Flint's Water Crisis Spurs Other Cities To Remove Lead Pipes

Dec 23, 2019
Originally published on December 27, 2019 9:12 am

Some cash-strapped Midwest cities are removing aging lead water pipes. Chicago, which has the largest inventory of lead pipes, hasn't tackled the problem. What can it learn from the cities that have?

This story was supported in part by the Solutions Journalism Network. It is a part of the H2OFail project, an international collaboration of journalists from more than 25 countries covering water issues.

Copyright 2020 WBEZ Chicago. To see more, visit WBEZ Chicago.

DAVID GREENE, HOST:

The Flint water crisis spurred dozens of cities across the country to start removing lead pipes. But some big cities, like Chicago, have resisted launching what is sure to be an expensive project. Monica Eng of member station WBEZ took a road trip to check out the innovative ways some cash-strapped cities are getting the job done.

MONICA ENG, BYLINE: If you thought the nation's lead problem largely went away with Flint, Tom Neltner at the Environmental Defense Fund wants you to know this.

TOM NELTNER: Our country has an estimated 6 million lead service lines. Those are the pipes that connect the main under the street to the house. And it's like drinking water through a lead straw. So where people have them, it's one of the most significant sources of lead in drinking water.

ENG: And people have them in hundreds of towns - big and small - across the country. And the lead can cause significant health issues. But here's the good news; lots of towns are actively getting rid of them.

NELTNER: A hundred-and-eighty are already taking some action. Some of the models are American Water. And several states - Indiana, Missouri, Pennsylvania - are making significant progress - Greater Cincinnati Water Works and states are taking a leadership role.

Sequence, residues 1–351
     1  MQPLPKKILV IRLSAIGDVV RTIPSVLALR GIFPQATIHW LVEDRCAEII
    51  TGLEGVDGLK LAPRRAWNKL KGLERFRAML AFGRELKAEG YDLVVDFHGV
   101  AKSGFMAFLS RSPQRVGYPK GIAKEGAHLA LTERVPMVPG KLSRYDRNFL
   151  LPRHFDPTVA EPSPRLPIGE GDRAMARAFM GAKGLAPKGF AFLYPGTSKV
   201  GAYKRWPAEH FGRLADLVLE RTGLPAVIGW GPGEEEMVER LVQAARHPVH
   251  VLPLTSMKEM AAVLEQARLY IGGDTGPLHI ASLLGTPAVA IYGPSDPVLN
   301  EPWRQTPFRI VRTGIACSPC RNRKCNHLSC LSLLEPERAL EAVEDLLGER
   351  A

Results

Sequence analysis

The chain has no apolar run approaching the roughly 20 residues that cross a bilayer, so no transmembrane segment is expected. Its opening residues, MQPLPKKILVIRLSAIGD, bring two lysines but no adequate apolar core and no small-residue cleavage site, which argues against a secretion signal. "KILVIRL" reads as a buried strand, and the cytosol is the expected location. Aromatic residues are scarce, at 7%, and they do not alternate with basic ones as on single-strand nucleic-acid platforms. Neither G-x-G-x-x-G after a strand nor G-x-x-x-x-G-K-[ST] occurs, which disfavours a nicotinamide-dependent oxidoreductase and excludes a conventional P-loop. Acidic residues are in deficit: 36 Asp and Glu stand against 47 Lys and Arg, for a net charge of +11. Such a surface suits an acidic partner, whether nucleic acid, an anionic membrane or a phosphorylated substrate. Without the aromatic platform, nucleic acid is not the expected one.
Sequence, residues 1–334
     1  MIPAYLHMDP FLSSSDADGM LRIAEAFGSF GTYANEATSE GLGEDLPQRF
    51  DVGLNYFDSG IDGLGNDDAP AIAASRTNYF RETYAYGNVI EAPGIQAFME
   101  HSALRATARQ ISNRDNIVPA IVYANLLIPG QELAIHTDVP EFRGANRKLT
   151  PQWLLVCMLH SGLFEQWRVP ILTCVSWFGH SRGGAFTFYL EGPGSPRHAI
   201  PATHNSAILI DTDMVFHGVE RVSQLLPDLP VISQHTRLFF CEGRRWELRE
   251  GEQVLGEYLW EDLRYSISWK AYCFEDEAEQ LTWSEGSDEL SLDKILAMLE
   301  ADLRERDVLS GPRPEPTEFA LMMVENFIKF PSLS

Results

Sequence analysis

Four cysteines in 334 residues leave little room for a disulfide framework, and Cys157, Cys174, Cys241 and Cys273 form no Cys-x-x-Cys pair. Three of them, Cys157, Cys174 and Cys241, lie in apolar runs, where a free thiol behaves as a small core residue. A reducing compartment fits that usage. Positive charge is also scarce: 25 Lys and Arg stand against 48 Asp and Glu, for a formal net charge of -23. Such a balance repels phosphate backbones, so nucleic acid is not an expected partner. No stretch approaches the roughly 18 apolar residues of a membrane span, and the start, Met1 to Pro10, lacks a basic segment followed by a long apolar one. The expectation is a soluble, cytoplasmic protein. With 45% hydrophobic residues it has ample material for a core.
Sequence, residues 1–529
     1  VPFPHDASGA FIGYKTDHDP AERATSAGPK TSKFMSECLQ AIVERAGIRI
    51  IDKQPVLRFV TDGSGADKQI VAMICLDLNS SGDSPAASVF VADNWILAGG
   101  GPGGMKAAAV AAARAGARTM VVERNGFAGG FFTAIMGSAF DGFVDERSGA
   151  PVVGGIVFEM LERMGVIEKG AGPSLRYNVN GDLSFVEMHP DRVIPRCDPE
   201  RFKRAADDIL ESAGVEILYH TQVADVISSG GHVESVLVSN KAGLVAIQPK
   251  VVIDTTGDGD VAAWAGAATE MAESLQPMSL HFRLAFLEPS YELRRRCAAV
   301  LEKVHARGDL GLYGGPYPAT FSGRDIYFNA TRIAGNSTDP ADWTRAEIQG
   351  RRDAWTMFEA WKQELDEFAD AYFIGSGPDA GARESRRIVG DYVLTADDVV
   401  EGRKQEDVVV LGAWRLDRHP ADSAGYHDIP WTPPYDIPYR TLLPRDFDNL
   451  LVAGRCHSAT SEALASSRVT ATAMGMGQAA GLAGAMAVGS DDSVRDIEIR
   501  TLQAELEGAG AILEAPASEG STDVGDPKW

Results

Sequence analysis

ENG: So how are so many cash-strapped communities able to do it, when Chicago - with the biggest inventory of lead lines - can't even get started? We checked out three cities taking different approaches with the same goal - getting lead out without breaking the bank. First stop - Gary, Ind. Here, crews from that private water company Tom Neltner mentioned, American Water, were taking out dozens of lead lines connecting homes and businesses on a single block, including a daycare center on the corner.

AMANDA WILLIAMS: Hi. How are you? Good morning.

UNIDENTIFIED PERSON: Good. Good morning.

WILLIAMS: How are you this morning?

ENG: Preschool teacher Amanda Williams (ph) was thrilled.

WILLIAMS: That was good news. We go from 2-year-olds, 3-year-olds, 4-year-olds, pre-K and kindergarten right here. And then we also have an infant house, which is in the back of us. They worked on that water line as well, so we were very excited about them coming to check out the water.

ENG: It's especially important here because even a small amount of lead can affect a child's brain development. Matt Prine heads Indiana American Water and has a plan to make this work for his whole network.

MATT PRINE: We wanted to be able to partner with our customers and do it at an affordable level.